Intussusception is the most common cause of intestinal obstruction in children between 3 months and five years of age. It is extremely rare in children under 3 months of age or in older children and adults.

What happens during intussusception?

During intussusception, a segment of bowel (intussusceptum) telescopes into a more distal segment (intussuscipiens), and drags the associated mesentery, vessels, and nerves with it. This results in compression of the veins, followed by swelling of the region leading to obstruction and a subsequent decrease in blood flow to the affected part of the intestine. Most cases affect the ileocolic region of the intestine (where the small intestine meets the large intestine).

The compression of blood vessels in the involved intestine reduces the supply of blood to the affected intestine. If the blood supply is greatly reduced, the involved intestine may swell, causing an obstruction, or even die (become gangrenous) and bleed. It also may rupture and lead to abdominal infection and shock.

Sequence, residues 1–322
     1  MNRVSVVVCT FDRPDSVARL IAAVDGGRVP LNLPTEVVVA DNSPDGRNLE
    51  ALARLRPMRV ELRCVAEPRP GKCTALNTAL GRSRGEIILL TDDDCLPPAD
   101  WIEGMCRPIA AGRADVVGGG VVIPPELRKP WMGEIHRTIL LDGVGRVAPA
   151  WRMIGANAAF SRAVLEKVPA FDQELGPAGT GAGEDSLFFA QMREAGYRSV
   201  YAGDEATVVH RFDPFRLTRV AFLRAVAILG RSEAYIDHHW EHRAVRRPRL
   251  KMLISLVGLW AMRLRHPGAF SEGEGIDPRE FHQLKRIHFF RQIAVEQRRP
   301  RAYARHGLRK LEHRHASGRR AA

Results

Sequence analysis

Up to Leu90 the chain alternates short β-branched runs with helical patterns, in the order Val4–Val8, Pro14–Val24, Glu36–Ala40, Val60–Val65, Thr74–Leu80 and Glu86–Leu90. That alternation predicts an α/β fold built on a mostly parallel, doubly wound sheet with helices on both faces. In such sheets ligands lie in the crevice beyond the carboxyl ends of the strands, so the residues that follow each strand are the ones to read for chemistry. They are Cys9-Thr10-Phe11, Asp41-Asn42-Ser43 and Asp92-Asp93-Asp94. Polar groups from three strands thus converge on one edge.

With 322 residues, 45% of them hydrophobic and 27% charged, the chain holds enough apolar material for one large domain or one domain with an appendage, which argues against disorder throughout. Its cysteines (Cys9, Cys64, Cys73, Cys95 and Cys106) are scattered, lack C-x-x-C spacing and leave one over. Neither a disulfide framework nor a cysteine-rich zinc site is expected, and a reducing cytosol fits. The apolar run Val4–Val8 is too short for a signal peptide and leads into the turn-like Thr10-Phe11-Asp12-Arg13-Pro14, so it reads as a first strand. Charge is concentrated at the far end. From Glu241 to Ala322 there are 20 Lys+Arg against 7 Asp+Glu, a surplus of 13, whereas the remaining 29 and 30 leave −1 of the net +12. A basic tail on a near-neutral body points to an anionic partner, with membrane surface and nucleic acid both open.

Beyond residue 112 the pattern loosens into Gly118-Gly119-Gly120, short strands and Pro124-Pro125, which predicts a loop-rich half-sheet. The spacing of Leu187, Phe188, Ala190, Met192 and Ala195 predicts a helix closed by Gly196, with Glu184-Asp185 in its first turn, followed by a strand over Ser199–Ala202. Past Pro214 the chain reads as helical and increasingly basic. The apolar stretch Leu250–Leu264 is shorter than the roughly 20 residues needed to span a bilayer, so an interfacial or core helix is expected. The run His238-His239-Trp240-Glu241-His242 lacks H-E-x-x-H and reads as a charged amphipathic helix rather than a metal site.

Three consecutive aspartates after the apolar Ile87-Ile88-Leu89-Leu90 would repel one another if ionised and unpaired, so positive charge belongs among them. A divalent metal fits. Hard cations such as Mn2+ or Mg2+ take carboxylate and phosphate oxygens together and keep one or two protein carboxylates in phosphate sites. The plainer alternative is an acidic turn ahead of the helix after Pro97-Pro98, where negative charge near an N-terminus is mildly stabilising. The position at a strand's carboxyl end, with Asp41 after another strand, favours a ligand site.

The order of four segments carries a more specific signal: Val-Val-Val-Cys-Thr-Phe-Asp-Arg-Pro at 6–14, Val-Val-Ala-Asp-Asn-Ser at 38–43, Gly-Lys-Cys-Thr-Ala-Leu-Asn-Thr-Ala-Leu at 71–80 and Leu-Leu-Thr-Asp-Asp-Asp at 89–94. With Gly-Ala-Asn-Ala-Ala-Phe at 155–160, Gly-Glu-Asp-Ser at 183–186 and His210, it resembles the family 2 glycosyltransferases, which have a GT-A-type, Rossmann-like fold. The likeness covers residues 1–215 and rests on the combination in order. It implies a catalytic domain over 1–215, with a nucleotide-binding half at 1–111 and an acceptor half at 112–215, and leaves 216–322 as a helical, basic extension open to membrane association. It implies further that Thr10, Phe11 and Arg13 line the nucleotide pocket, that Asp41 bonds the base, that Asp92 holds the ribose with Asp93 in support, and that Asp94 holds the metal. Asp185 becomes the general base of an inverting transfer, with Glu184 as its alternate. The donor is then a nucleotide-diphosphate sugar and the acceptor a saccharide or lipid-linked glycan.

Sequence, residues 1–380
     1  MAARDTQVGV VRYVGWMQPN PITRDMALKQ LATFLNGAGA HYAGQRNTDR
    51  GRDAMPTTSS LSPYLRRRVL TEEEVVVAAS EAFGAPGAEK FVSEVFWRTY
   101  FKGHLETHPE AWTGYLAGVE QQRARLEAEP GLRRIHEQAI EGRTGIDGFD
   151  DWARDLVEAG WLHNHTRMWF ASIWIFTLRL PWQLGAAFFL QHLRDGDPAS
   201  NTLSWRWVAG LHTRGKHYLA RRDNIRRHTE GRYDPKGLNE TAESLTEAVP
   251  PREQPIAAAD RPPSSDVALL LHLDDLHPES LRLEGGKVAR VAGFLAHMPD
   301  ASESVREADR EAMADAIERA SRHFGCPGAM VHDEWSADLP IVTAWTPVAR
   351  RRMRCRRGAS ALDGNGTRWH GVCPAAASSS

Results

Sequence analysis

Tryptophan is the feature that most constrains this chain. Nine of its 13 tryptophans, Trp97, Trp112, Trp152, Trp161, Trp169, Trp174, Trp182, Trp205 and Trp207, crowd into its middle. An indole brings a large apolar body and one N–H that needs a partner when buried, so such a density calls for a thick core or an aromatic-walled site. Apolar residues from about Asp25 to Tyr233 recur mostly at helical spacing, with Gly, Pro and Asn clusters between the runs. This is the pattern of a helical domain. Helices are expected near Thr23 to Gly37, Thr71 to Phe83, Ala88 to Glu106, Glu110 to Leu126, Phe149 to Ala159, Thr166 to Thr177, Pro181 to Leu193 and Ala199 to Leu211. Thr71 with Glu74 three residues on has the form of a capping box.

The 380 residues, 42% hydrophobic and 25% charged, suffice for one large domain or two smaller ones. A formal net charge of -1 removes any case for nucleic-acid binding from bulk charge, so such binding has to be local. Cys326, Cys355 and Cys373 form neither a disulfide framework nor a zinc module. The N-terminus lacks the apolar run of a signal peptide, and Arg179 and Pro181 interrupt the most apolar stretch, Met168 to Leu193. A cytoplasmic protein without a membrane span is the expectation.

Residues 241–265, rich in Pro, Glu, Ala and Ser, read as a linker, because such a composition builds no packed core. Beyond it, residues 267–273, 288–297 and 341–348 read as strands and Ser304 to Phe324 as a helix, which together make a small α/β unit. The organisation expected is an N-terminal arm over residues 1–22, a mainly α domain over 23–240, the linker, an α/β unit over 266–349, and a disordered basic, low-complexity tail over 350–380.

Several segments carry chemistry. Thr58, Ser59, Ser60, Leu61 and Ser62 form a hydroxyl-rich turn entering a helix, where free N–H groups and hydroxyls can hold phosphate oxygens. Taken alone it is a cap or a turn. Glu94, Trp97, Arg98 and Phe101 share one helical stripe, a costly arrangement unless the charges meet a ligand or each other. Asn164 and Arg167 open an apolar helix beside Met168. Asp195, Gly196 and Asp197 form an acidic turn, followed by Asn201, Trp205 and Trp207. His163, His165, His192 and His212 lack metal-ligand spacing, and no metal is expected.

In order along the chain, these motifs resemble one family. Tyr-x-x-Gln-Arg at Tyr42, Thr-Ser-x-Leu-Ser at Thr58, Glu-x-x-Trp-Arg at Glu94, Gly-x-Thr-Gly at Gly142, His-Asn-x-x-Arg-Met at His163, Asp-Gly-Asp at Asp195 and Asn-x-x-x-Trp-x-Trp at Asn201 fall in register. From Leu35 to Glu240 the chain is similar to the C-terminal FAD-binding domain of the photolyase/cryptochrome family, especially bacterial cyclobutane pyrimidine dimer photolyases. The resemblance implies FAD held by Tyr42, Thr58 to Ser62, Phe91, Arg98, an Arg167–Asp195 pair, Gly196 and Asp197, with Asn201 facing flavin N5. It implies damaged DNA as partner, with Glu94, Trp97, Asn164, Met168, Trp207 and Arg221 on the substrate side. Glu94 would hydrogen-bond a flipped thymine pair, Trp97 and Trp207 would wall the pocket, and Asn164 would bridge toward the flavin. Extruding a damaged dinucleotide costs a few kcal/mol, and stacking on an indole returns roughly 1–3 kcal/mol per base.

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Intussusception Causes

Intussusception: Infolding (prolapse) of a portion of the intestine within another immediately adjacent portion of intestine, which predominantly affects children. Intussusception decreases the supply of blood to the affected part of the intestine and frequently leads to intestinal obstruction. The pressure created by the two walls of the intestine pressing together causes inflammation and swelling, and it reduces the blood flow. Death of bowel tissue can occur, with significant bleeding, perforation, abdominal infection, and shock occurring very rapidly.

Is intussusception an urgent problem?

Intussusception is an emergency and requires immediate attention

Who is at greatest risk for intussusception?

Most cases of intussusception occur in children between 5 months and 1 year of age. Boys develop the condition two times more often than girls. Intussusception can also occur in adults and older children, although it is uncommon.